It may be hard to imagine now, but a hundred years ago trains were the de rigueur mode of transportation. They were luxurious, extravagant affairs, where men in smart suits smoked handcrafted pipes while women in elegant dresses sipped tea.

Times sure have changed, haven’t they? In the age of hustle and bustle, budget airlines and instant everything, the excitement and romance of the railways of old seems, well, quaint.

But the magic of that bygone age can still be recaptured, if only for a little while. All one has to do is hop on the EuroCity 175 from Berlin, for a trip back in time through the mountains and over the hills, to the Slovakian capital of Bratislava.

OK, so it may not be as chic a destination of fellow Danube darlings Budapest and Vienna. And it was rather crudely depicted in the 2004 film EuroTrip as a drab post-Soviet wasteland (never mind the fact that the movie was not even filmed in Slovakia) where a single nickel could pay for the opening of an entire hotel. The critics couldn’t be more wrong.

Majestic Baroque palaces, churches crowned by onion spires, cobblestone lanes, cozy cafes, and quirky museums in shades of marigold and lavender proliferate in this relatively compact city that has lured many renowned composers, including Mozart, Beethoven and Joseph Haydn. It oozes charm, with the mystery that only a “hidden” city oft-overlooked can bring.

But how should one get there — by plane? M. R. Štefánik Airport has regular connections to the United Kingdom, Italy, Norway and Russia. What about traveling by car? Several major highways converge from Austria, Hungary and the Czech Republic. Or maybe the way to go is by train? Ah, that’s the idea — especially when the carriage is a EuroCity coach.

EuroCity (abbreviated as “EC”) is a train category within the European intercity rail network. In contrast to lower-level InterCity trains, for a train to be dubbed “EuroCity,” it must meet several stringent requirements, including:

• It must travel through two or more countries.
• All cars must be air-conditioned.
• The train can only stop at major cities.
• Stops can last no more than five minutes, though in exceptional cases up to 15 minutes.
• Food and beverages must be available onboard.
• Conductors speak at least two languages, one of which must be English, French or German.
• The train must maintain an average speed (including stops) above 90 kilometers per hour (56 miles per hour).

With such standards in place, a relaxing overland voyage, far removed from the madcap claustrophobia that’s the norm on most means of transport in the German capital, is guaranteed. This was by far the furthest journey by rail I’d ever taken, and with the memory of a 24-hour bus trip through eastern Turkey and Georgia a year ago still somewhat fresh in my mind, I was loathe to repeat the experience.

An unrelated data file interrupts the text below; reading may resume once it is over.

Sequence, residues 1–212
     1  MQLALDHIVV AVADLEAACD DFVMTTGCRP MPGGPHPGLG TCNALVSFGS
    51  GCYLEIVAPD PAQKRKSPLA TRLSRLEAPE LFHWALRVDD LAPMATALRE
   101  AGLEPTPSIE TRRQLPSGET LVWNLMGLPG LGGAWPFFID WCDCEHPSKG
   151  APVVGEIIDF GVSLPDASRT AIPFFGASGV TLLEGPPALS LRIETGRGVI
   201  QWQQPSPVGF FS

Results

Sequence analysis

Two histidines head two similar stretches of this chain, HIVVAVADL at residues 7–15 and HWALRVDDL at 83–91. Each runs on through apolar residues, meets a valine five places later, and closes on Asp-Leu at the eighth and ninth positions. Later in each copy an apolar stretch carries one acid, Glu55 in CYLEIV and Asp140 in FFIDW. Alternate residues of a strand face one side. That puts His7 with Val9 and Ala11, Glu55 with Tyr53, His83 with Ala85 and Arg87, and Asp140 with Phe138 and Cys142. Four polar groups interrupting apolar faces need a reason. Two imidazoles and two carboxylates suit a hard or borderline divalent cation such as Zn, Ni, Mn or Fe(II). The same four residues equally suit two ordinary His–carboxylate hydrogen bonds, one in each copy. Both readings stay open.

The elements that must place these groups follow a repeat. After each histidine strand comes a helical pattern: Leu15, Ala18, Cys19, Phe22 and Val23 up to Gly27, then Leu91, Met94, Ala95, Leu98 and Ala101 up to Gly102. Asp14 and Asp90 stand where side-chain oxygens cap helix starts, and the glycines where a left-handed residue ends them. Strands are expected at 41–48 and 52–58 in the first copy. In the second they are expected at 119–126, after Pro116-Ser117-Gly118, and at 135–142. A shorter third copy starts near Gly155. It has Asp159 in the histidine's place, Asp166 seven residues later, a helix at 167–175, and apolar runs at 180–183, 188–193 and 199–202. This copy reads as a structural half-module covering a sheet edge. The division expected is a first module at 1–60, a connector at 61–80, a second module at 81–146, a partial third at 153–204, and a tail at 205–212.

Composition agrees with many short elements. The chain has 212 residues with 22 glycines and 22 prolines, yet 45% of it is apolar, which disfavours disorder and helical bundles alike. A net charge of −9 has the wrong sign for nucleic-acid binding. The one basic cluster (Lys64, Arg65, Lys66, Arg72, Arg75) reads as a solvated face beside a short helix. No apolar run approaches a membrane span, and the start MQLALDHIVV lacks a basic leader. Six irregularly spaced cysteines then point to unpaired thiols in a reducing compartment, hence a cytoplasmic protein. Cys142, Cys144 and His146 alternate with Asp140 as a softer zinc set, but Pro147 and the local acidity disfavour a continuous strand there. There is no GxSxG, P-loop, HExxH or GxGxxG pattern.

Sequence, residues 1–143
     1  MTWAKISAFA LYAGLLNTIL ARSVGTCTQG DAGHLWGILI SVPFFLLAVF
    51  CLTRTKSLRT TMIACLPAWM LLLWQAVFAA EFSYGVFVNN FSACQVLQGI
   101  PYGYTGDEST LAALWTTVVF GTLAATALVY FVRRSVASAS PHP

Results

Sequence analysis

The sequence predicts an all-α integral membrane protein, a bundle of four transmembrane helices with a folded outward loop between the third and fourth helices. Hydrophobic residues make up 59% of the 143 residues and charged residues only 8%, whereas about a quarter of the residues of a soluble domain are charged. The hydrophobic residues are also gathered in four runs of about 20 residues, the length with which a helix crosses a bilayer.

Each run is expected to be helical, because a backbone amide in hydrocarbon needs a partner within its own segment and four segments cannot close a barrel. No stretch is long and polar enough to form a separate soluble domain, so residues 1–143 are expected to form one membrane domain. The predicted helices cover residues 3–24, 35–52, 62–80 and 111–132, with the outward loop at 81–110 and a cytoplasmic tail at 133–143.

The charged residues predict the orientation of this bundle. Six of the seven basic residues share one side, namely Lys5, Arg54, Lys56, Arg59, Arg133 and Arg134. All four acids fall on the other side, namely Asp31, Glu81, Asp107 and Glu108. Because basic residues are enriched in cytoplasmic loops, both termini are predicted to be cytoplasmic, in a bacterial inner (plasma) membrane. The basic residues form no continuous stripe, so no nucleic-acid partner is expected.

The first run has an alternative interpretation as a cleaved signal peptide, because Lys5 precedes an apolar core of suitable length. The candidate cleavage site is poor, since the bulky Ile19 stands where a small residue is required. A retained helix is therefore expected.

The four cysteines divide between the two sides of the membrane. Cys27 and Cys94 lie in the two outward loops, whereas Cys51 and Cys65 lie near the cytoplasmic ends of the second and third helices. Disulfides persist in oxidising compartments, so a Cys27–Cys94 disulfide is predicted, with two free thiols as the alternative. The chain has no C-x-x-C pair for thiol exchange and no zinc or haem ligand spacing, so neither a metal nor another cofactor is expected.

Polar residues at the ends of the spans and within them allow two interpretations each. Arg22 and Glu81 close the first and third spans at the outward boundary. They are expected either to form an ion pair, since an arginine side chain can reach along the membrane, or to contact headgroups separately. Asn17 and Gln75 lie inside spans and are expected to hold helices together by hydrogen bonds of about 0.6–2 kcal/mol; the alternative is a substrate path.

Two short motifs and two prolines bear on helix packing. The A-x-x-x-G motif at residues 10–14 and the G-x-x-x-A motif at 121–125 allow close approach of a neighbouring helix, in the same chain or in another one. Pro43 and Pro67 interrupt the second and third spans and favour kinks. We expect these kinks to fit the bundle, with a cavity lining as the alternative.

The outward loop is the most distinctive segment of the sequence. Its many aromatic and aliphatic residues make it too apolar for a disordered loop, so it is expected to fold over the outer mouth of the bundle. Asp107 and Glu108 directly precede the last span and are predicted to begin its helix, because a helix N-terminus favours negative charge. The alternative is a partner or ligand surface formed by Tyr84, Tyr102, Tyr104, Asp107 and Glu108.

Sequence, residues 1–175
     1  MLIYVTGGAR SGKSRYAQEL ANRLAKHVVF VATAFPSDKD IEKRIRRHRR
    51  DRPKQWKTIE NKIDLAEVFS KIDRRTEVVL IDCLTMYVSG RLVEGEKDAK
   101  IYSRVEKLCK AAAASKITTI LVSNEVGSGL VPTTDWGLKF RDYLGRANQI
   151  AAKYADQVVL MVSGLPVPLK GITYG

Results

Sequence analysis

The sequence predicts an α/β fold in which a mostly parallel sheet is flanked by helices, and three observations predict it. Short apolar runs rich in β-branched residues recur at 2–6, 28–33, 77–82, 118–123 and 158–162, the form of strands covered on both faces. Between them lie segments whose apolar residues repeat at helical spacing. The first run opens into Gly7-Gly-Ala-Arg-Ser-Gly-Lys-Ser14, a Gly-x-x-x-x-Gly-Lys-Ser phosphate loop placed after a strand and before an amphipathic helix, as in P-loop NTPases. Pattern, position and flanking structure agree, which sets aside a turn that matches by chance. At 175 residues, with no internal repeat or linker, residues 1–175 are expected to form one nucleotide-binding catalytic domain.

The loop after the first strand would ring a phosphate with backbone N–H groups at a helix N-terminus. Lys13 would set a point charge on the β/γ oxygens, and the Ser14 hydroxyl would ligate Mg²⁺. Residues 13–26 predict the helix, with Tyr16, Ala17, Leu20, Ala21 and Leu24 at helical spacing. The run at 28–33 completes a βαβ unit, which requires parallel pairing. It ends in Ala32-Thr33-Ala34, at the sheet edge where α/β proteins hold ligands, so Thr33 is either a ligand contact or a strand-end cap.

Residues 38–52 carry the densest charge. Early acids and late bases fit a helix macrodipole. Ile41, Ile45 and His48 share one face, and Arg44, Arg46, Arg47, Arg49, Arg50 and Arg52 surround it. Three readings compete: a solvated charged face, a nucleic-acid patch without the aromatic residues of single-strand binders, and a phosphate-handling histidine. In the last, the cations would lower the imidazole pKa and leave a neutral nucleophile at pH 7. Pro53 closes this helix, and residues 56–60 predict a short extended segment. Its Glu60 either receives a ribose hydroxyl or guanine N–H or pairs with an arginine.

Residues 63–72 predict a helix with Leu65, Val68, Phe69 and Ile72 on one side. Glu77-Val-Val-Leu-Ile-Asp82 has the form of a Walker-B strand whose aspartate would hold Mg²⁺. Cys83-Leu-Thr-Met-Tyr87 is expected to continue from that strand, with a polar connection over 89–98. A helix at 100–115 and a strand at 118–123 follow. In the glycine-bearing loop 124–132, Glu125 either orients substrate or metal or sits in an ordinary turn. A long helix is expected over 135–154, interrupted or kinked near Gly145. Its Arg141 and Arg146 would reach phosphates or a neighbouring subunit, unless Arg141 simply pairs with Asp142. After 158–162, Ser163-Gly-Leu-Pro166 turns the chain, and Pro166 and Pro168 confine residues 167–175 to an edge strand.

The brisk morning air forming little clouds of vapor with every exhalation, the “Jeszenszky János” — named after the Slovak physician, politician and philosopher of the same name (Anglicized as “Jan Jesenius”) — arrived at Berlin Hauptbahnhof precisely on time. Stepping into the mostly empty carriage, the all-encompassing warmth of a heating system could not be understated. A little placard greeted me on my seat with the name of the train and the times of arrival and departure at every stop. Originally, all EuroCity trains carried names — and many still do — in a continuation of the practice that started with the luxury trains of the 19th and early 20th centuries. We were to head to Bratislava, of course, with stopovers in such cities as Dresden, Prague and Brno. The whole trip would take almost exactly nine hours.

With the hills of the former East Germany rolling past, I leaned back and sunk myself into Norwegian journalist Åsne Seierstad’s One Hundred And One Days: A Baghdad Journal. It wasn’t the Scandinavian version of the Great American Novel, but the harrowing account of one reporter’s adventures in Iraq during the fall of Saddam Hussein was nonetheless stimulating as the occasional light rain pattered against the windows.

As the hours passed by and Germany became the Czech Republic, a feeling of discomfort slowly churned within my midsection. Stomach cramps? No. These were hunger pangs, and there was only one cure.

The world’s first restaurant cars were built at the end of the 1800s, aiming to save time on long distance journeys when trains would otherwise have to stop at station dining rooms. Quality fare served amidst upholstered furniture and handcrafted marquetry came standard, as did alcoholic beverages that in contemporary times are usually reserved to only the most upscale establishments. Some trains even had their own signature drink. The famous Orient Express boasts the Agatha Christie — made with one ingredient from every country along the route from Paris to Istanbul (though the recipe is kept secret) — as its claim to alcoholic fame, and admittedly the EuroCity trains have no such spirituous specialties besides canned beers and a basic wine list.

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